A marked and progressive decrease in epidermal hydroxyproline accompanied induced epidermal carcinoma by methylcholanthrene in C3H mice. A decrease was also noted in the benzene-treated controls; but this was reversible, whereas the effect produced by the carcinogen was not. A progressive increase in epidermal tyrosine was observed which was more marked in the carcinogen-treated animals than in the controls. Acid hydrolysates of the carcinogen-treated skins produced a darker, humin-like coloration than did those of the controls. The possible origin of this is discussed. The results are interpreted in terms of the sensitivity of fibroblasts to methylcholanthrene.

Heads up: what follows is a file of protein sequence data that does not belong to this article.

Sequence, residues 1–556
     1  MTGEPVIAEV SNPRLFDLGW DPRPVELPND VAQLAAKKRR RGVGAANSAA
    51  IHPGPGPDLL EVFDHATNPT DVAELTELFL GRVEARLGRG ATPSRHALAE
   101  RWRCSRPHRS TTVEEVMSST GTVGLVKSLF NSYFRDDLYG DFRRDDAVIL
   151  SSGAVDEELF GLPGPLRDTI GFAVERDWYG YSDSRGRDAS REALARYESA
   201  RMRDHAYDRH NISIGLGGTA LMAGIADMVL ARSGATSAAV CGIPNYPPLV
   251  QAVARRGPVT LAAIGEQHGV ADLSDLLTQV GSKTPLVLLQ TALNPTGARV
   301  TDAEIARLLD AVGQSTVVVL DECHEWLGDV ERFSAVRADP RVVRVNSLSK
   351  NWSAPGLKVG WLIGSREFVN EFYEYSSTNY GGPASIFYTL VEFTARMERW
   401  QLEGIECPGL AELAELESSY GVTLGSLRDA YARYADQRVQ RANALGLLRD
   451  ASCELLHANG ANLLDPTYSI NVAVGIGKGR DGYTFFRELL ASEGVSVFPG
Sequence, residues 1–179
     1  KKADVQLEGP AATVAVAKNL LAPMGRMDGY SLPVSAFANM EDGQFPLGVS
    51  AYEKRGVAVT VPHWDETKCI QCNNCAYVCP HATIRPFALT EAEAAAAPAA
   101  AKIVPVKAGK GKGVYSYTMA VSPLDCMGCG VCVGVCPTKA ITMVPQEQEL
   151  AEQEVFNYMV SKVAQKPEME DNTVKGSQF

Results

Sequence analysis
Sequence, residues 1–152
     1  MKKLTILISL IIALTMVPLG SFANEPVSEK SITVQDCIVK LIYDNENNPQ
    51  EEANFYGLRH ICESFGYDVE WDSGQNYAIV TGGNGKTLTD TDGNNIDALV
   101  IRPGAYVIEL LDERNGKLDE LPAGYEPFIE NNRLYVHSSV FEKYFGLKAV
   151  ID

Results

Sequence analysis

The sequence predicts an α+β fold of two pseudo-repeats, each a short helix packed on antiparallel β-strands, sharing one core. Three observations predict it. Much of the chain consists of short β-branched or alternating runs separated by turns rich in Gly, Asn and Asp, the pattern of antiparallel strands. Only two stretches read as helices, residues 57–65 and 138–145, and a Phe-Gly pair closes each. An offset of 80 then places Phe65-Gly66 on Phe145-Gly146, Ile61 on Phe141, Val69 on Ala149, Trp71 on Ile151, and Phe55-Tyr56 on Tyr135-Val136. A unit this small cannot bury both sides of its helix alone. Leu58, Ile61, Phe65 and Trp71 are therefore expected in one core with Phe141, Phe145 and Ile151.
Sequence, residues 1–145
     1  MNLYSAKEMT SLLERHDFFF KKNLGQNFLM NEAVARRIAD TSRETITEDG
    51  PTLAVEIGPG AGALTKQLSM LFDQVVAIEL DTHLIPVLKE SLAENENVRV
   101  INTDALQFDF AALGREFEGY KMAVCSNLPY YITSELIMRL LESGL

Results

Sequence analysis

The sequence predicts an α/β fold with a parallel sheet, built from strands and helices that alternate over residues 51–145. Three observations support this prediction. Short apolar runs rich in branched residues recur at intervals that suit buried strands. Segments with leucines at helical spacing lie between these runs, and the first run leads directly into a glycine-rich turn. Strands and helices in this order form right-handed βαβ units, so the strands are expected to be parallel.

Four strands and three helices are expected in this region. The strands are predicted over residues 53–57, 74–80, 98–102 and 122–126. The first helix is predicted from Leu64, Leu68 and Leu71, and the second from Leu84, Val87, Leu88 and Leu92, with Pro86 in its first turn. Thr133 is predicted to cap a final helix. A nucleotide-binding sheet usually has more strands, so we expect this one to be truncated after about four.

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Presented on September 15, 1960, at the 138th annual meeting of the American Chemical Society, New York, N.Y.

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